Bodies of Transformation | ENGL 41500
C. Riley Snorton
- Drawing on trans studies, disability studies, histories of science, queer and postcolonial theory, this class contends with how bodies and bodies of knowledge change over time. Bodies of Transformation takes a historiographic approach to the social, political, and cultural underpinnings of corporeal meaning, practice and performance in the 19th and 20th centuries. Animating questions include: what is the corporeal real? how is race un/like gender? how does bodily transformation map the complex relationships between coercion and choice?
Of Whiteness | ENGL 46751
- In his essay “The Souls of White Folk,” WEB Du Bois asks, "But what on earth is whiteness that one should so desire it?" This course will explore a multiethnic cultural and theoretical archive that grapples with the patterned and partial irrationality of this excessive racial desire. How does whiteness structure the racial/social field? What mechanisms regulate—or have regulated—populations’ access to and desire for it? (18th/19th)
Hemispheric Studies | ENGL 52102
- This course examines the Hemispheric Studies approach to the literature of the Americas, which combines a commitment to comparativism with attention to the specificities of local contexts ranging from the Southern Cone to the Caribbean to North America. We’ll investigate debates about the theories and uses of a method that takes the American hemisphere as its primary frame, yet does not begin with the U.S. as the default point of departure; and the conceptual and political limitations of such a method. Theories drawn from American Studies, Canadian Studies, Caribbean Studies, Latin American Studies, Poetry and Poetics, Postcolonial Studies, and U.S. Latinx Studies will be explored in relation to literature primarily written in the 20th and 21st centuries by writers residing throughout the Americas. In the last part of the course, we’ll take meta-theoretical look at the development of Hemispheric Studies and the politics of academic field formation. No knowledge of Spanish or French is required. (18th/19th, 20th/21st)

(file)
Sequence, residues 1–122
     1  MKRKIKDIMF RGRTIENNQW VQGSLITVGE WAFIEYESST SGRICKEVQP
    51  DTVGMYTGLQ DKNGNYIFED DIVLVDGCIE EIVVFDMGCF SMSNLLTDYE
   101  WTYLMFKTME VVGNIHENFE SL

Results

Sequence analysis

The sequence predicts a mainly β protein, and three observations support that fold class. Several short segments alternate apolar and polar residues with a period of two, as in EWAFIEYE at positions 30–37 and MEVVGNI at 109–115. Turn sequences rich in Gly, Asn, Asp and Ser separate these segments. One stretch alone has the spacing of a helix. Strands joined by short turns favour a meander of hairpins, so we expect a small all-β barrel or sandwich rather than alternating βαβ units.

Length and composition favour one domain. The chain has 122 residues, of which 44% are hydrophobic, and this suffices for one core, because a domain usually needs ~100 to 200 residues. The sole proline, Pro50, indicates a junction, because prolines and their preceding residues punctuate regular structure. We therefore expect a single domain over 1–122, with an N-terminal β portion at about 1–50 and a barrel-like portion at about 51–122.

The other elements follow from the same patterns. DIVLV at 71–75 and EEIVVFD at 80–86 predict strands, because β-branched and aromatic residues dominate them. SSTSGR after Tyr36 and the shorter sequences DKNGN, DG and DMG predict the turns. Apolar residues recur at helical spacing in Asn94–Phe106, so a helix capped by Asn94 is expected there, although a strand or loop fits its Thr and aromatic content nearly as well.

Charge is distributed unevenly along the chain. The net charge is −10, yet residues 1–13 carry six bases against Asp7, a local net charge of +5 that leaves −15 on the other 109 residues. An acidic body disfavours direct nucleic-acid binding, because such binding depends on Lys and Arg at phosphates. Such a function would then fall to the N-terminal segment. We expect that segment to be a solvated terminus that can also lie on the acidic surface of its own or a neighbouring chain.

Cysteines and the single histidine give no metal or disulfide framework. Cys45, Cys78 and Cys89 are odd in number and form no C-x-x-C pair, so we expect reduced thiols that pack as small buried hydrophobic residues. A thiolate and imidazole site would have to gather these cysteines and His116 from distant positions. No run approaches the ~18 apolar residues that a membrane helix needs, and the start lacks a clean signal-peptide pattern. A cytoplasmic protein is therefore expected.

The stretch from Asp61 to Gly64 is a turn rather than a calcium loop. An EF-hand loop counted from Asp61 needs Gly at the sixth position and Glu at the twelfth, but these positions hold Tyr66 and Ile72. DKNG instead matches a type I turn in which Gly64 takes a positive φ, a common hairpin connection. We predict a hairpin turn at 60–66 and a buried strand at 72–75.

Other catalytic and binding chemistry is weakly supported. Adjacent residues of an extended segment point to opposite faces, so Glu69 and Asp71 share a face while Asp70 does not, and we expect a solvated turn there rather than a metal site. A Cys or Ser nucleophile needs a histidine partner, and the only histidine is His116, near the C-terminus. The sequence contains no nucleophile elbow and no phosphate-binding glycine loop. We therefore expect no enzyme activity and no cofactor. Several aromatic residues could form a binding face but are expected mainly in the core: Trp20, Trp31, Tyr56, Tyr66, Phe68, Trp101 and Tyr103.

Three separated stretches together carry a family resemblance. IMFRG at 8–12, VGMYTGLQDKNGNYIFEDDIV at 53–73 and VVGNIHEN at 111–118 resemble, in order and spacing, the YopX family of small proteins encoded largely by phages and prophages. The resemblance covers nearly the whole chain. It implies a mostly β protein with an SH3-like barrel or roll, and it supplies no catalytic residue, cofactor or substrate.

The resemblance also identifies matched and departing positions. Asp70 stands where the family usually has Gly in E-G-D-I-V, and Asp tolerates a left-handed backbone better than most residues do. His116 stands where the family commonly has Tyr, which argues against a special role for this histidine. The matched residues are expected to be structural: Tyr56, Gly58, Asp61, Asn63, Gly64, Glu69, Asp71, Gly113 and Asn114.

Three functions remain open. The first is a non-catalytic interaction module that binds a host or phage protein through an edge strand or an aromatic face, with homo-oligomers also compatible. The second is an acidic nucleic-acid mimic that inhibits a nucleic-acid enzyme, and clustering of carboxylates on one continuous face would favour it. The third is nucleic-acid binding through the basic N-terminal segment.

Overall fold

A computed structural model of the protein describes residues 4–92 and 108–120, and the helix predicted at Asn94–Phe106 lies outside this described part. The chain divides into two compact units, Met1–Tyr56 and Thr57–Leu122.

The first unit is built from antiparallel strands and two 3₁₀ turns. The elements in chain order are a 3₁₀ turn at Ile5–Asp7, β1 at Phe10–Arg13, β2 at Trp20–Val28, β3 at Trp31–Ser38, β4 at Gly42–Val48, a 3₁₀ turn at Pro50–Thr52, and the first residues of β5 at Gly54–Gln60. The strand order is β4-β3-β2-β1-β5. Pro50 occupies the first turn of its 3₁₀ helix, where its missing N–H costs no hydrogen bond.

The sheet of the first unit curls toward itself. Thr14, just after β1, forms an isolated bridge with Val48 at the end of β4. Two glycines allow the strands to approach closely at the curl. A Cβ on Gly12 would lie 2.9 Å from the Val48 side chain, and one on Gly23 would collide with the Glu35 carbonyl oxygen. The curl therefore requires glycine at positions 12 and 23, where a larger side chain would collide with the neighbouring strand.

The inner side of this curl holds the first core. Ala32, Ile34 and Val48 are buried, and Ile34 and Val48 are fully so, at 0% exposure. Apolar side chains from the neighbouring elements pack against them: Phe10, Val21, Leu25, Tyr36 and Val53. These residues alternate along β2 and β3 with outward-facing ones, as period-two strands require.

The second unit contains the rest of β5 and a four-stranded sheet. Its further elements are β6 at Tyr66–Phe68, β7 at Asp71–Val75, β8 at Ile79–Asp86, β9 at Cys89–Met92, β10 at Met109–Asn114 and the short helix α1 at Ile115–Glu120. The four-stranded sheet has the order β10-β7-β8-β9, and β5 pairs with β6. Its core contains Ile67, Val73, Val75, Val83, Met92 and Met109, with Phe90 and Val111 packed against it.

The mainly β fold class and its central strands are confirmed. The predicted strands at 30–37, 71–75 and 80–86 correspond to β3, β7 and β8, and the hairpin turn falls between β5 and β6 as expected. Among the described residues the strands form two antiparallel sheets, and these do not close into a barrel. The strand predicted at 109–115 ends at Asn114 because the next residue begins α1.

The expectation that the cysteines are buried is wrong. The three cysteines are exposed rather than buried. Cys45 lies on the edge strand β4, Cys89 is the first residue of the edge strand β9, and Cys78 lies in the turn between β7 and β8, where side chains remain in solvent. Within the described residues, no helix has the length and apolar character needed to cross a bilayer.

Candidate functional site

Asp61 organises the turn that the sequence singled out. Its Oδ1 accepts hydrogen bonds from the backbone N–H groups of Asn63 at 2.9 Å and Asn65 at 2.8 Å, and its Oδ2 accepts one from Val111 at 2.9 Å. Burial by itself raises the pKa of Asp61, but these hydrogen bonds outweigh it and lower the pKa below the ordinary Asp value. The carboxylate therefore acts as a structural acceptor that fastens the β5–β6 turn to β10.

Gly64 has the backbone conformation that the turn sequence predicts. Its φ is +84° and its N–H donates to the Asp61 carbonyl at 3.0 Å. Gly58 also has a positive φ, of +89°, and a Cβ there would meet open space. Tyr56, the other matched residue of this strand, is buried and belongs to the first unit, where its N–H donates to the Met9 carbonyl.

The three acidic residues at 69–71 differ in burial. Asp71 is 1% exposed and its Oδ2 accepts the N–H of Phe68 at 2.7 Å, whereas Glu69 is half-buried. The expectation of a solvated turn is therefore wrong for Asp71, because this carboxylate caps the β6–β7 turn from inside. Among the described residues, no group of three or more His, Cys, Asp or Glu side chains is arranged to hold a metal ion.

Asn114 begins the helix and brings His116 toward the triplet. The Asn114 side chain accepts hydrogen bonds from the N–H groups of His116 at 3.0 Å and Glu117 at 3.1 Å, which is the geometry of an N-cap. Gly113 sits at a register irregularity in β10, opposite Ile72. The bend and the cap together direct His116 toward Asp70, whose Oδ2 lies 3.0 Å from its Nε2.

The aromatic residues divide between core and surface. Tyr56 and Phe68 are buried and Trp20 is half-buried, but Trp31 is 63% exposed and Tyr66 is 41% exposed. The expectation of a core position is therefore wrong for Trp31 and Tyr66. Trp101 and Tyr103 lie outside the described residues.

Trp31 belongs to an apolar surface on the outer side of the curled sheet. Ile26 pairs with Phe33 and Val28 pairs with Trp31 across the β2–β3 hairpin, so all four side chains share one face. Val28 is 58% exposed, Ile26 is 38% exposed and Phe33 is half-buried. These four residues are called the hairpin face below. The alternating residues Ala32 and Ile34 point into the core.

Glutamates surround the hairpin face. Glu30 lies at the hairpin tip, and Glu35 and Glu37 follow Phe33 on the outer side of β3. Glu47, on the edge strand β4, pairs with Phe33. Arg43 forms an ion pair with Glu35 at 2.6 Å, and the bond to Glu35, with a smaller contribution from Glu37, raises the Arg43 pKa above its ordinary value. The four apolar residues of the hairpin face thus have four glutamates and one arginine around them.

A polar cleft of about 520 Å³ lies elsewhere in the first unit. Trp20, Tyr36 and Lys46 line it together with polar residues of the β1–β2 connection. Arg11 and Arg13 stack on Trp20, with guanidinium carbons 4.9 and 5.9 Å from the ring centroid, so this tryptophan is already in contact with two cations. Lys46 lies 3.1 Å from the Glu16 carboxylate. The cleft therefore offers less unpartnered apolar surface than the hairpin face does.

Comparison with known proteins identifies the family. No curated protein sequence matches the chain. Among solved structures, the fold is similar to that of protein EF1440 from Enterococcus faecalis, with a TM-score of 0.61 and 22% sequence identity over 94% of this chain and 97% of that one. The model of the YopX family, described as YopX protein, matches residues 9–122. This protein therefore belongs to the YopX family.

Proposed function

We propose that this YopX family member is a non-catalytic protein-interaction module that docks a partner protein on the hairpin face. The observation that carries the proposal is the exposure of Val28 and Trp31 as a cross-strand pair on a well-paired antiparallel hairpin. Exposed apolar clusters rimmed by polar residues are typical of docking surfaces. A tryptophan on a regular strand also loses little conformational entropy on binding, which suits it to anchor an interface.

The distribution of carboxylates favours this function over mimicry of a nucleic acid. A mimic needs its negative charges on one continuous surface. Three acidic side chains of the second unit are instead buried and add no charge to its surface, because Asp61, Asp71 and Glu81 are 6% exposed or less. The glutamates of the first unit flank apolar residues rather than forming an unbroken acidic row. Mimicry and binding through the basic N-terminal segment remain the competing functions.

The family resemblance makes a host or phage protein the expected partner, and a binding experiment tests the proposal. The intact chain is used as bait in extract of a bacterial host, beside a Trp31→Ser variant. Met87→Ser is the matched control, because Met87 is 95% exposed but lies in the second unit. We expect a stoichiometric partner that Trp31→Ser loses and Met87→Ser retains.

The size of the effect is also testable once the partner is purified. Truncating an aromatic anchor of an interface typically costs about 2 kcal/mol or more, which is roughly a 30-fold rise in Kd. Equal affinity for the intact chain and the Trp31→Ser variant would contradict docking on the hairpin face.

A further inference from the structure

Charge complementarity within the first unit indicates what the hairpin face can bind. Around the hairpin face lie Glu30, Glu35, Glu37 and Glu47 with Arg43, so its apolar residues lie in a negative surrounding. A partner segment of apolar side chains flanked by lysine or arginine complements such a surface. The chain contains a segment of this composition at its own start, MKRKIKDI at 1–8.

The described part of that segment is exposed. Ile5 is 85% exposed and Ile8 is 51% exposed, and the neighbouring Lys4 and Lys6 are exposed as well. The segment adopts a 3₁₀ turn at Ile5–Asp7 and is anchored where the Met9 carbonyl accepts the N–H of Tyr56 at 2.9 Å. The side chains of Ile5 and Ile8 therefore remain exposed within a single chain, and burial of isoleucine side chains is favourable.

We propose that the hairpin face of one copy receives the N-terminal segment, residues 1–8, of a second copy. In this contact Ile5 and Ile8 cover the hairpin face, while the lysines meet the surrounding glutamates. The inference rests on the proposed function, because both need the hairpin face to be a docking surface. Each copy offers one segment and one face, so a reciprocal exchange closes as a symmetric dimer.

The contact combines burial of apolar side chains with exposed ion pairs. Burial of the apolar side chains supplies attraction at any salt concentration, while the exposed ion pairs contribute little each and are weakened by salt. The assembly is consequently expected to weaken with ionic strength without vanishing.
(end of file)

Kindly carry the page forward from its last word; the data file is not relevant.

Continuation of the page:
Theories of Racial Perception | ENGL 55105
- We tend to talk about racial perception as a singular and instantaneous act, but it is perhaps better understood as a complex series of procedures involving judgment, reading, rationalization, instinct, and conjecture that normally go undescribed. In this course we will read theory, criticism, and literature considering the varying combinations of techniques, processes, structures, and convictions that allow a subject to believe they are having an experience of race. How have writers variously learned to describe and call into question the mechanics of racial perception? And is imagining the end of racial perception the same as imagining the end of race? Exploring works from a variety of traditions, eras, and genres, we will trace investigations into race’s perception as a color, a lack, a sense, a sound, a shape, a pathology, a habit, a surface, a depth, and a spell.